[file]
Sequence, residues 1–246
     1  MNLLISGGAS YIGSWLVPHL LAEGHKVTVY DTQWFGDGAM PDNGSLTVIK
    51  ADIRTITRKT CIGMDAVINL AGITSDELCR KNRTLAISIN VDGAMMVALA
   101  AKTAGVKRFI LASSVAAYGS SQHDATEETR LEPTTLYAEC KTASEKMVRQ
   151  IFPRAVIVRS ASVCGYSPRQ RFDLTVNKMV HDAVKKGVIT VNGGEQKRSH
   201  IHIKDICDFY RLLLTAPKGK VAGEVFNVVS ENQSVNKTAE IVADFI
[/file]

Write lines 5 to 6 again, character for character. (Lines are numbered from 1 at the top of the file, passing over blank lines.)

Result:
   151  IFPRAVIVRS ASVCGYSPRQ RFDLTVNKMV HDAVKKGVIT VNGGEQKRSH
   201  IHIKDICDFY RLLLTAPKGK VAGEVFNVVS ENQSVNKTAE IVADFI